Latinos across North Carolina are taking credit for unseating U.S. Sen. Kay Hagan and replacing her with Thom Tillis – the Republican who accused Hagan of being too soft on immigration.
In the weeks leading up to the election, groups such as the NC Dream Team erected billboards saying Hagan is no friend of immigrants. They climbed on stage with protest signs at get out the vote rallies and even heckled Hillary Clinton at a Hagan rally in Charlotte.
Viridiana Martinez of the NC Dream Team, which organized several protest efforts against Hagan, said their work was not about endorsing Tillis; it was about holding Hagan accountable.
“The fact that the senator took anti-immigrant measure after anti-immigrant measure, and there never were any consequences.”
The episodes only contributed a narrative that Obama and the Democrats had lost control of the country. They had even lost the support of once-loyal factions that should have been on their side.
Immigration is ranked as the top issue among 57 percent of Latino voters in the state, according to an election eve poll by public opinion research firm.

Latino Decisions.
Hagan ticked off immigrant rights groups this year when she publicly opposed Obama’s efforts to issue an executive order that would expand the amount of undocumented immigrants who could remain and work legally in the United States.
“This isn’t about a political party. This is about accountability,” Martinez said. “This is about a party who has been pretending to be our friend forever and forever and forever. But the reality is friends don’t deport friends.”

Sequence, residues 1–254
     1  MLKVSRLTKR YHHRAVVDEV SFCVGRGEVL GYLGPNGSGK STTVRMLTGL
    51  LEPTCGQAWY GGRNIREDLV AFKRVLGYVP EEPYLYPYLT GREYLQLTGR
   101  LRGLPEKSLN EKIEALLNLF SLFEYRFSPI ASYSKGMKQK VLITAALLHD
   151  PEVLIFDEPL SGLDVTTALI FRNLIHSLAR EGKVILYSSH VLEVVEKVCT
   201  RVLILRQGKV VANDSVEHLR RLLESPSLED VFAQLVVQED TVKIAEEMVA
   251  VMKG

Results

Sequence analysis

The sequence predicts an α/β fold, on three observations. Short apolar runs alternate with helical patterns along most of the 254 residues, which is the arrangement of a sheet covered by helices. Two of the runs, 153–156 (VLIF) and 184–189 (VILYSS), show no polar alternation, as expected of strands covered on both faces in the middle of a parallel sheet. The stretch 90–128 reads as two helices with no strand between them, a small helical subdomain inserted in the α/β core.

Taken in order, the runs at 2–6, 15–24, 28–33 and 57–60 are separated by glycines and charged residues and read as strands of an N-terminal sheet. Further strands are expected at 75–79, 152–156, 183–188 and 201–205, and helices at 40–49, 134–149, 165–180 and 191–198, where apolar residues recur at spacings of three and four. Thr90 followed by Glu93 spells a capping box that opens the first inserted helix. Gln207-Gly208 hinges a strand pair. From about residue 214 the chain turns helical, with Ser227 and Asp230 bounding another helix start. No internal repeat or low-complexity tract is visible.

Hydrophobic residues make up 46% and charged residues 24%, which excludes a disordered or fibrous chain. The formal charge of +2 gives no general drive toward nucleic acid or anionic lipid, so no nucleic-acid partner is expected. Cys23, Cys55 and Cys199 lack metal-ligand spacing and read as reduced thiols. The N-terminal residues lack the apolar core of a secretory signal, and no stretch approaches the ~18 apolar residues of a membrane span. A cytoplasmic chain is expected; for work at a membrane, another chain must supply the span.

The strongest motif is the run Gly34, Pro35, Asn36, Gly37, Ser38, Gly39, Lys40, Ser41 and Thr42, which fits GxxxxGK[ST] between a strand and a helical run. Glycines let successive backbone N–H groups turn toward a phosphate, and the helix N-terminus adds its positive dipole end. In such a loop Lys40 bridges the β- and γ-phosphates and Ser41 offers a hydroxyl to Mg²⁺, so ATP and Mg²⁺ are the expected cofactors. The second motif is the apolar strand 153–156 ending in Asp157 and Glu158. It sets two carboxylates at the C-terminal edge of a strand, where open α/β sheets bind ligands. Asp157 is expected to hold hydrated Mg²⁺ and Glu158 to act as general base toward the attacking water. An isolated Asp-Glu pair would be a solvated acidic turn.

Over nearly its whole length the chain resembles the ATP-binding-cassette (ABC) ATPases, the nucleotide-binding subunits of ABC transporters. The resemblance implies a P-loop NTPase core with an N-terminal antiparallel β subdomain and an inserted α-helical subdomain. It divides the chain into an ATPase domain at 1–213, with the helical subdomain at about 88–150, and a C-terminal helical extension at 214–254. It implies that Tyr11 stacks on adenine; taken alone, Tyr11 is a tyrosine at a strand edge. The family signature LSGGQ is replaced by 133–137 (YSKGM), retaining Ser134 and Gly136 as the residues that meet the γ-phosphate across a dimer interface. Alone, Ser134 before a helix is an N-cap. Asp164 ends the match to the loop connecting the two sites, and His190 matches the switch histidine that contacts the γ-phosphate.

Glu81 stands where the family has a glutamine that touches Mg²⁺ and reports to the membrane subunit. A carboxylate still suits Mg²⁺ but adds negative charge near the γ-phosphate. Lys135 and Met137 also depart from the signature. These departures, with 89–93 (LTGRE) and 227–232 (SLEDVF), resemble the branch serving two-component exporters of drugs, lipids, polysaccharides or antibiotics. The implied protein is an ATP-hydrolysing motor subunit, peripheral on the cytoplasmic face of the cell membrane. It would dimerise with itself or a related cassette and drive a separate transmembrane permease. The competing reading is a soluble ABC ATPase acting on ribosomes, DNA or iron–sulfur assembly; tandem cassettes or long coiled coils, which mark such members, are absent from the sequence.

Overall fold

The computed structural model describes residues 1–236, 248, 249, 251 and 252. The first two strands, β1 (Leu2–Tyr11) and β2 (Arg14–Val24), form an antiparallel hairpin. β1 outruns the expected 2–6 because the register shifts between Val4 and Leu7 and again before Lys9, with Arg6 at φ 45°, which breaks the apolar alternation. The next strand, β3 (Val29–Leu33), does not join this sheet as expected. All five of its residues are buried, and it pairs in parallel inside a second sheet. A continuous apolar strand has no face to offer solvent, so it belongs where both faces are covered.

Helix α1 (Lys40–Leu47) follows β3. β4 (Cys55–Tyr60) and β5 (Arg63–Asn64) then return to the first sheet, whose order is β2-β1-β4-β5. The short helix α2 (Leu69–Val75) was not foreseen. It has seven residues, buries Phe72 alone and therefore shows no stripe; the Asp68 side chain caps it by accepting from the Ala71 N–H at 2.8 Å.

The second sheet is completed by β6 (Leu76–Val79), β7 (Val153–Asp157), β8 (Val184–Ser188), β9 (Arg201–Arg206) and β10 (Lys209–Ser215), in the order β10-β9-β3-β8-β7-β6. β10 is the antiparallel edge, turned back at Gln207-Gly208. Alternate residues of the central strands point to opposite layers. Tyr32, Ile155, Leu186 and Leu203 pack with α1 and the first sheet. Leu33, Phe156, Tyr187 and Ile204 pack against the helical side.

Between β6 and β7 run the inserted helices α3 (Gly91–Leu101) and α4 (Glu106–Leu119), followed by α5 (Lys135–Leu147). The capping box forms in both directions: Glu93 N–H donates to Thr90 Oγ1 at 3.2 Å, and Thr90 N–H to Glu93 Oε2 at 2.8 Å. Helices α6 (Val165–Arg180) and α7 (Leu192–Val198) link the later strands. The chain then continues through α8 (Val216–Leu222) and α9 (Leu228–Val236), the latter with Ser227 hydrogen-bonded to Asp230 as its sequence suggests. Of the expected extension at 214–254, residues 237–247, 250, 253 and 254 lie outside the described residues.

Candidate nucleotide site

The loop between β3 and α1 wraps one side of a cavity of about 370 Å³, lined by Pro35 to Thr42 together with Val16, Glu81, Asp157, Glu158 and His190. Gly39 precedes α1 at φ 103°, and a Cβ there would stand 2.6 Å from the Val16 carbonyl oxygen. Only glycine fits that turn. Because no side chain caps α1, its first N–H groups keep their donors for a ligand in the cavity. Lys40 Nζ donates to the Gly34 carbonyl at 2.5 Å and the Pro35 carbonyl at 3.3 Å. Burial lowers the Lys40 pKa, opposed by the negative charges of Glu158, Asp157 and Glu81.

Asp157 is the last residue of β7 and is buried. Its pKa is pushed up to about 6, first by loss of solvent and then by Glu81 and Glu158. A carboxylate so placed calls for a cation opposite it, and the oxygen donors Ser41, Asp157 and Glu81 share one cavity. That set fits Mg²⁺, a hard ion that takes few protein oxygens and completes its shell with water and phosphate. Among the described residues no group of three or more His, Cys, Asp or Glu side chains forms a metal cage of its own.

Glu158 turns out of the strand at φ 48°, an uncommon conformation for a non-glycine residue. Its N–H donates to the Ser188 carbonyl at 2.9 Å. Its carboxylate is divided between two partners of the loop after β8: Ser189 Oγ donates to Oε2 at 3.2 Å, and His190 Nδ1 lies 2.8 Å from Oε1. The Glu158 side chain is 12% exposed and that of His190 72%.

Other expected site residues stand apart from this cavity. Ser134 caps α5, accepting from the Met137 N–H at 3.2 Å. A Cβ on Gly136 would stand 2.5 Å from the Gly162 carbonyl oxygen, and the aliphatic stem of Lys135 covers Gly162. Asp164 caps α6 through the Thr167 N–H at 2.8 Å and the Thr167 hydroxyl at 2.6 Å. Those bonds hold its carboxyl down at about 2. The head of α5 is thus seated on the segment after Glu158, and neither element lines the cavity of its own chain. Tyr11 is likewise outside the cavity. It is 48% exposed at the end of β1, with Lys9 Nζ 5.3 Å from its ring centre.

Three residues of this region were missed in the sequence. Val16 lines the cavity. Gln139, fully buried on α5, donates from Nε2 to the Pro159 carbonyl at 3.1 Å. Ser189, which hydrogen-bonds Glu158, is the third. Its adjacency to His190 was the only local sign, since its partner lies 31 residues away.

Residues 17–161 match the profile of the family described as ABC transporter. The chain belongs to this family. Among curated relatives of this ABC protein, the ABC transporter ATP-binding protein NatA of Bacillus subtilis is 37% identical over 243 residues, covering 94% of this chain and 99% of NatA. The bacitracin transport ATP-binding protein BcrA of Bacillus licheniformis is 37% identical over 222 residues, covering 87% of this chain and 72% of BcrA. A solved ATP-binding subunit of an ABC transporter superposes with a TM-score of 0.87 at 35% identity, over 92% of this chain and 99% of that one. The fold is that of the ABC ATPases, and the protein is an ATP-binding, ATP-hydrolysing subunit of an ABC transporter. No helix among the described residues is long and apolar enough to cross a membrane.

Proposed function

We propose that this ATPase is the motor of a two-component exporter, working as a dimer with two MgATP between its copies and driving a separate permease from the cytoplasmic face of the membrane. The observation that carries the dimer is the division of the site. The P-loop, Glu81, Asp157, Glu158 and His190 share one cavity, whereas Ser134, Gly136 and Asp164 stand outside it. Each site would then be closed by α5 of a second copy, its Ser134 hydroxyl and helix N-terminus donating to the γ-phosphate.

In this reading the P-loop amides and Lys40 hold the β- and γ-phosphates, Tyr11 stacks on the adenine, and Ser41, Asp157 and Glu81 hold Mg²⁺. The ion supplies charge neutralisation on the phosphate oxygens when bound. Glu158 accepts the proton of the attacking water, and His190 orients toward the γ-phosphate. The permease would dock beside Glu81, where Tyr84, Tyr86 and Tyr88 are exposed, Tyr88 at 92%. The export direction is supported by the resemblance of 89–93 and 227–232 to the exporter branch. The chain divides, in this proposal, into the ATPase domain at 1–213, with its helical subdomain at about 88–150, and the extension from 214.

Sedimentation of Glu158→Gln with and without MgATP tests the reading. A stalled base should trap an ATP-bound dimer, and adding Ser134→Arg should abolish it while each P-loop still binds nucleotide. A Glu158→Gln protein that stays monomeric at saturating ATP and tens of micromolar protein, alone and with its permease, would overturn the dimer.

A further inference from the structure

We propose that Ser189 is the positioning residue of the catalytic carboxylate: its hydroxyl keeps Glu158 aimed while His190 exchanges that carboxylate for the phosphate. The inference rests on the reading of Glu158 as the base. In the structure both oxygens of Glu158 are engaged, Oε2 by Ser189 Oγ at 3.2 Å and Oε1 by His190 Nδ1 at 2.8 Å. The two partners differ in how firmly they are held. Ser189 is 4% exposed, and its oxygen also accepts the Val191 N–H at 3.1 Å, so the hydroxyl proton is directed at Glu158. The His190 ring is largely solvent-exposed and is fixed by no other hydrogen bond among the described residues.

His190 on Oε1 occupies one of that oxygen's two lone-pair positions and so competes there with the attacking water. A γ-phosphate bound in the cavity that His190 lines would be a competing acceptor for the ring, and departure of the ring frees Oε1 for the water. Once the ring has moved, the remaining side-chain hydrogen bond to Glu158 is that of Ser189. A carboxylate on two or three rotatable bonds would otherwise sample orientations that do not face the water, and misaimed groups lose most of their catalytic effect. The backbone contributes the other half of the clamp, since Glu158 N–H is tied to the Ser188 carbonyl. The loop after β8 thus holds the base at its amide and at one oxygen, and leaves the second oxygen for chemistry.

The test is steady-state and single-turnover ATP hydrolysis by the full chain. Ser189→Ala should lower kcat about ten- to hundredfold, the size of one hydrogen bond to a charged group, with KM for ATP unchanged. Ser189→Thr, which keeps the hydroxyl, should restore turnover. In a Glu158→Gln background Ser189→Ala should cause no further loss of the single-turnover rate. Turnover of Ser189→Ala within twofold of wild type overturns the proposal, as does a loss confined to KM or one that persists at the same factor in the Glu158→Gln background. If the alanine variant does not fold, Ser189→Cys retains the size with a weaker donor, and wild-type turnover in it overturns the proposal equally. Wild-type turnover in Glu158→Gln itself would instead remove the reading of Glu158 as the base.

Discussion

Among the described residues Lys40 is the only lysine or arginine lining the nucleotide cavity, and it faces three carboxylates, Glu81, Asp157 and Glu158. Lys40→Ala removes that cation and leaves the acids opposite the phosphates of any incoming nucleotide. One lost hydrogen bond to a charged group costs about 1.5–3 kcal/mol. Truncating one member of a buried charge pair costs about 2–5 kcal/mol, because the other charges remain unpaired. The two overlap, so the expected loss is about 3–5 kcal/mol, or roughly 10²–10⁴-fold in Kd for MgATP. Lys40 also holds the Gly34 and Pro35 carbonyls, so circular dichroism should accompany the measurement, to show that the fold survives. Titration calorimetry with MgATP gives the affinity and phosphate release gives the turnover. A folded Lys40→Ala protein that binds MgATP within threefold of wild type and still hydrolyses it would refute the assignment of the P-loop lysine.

Latinos make up less than 2 percent of the states nearly 6.6 million voters.
The N.C. Board of Elections said it would likely be weeks before it’s clear how many Latinos turned out, but history shows they generally don’t show up in high numbers for midterms. Less than 20 percent of the state’s Latino voters cast a ballot in the past two midterm elections.
 Franco OrdoƱez
Two for two
Among last week’s big winners was a man not even on the ballot.
Paul Shumaker, a Republican consultant from Granite Falls, was the top strategist for Tillis’ successful U.S. Senate campaign. That makes him two for two.
He’s also the campaign strategist for GOP Sen. Richard Burr.
It was Shumaker who predicted early on that Tillis’ race against Democratic Hagan would be a referendum on Obama, even while Democrats hammered Tillis over a host of legislative controversies.
“This race is going to be decided by the national mood,” he said last summer. “The D.C. cloud is much darker than the Raleigh cloud is. We have a thunderstorm in North Carolina. They have a Category 5 hurricane.”
When the national mood did decide the race, it found Shumaker with two U.S. Senate clients. Asked how that felt, he said, “Twice as good as one.”
“I do campaigns,” he said. “It’s what I do. You finish one, you go to the next one.” Jim Morrill

Black Caucus to vote in February
Charlotte Mecklenburg’s Black Political Caucus plans to elect new officers in February, and anybody interested in running has to make sure they join the caucus by next month.
Caucus elections are Feb. 15. Nominating committee member Colette Forrest says people who want to run should join the caucus by Dec. 31.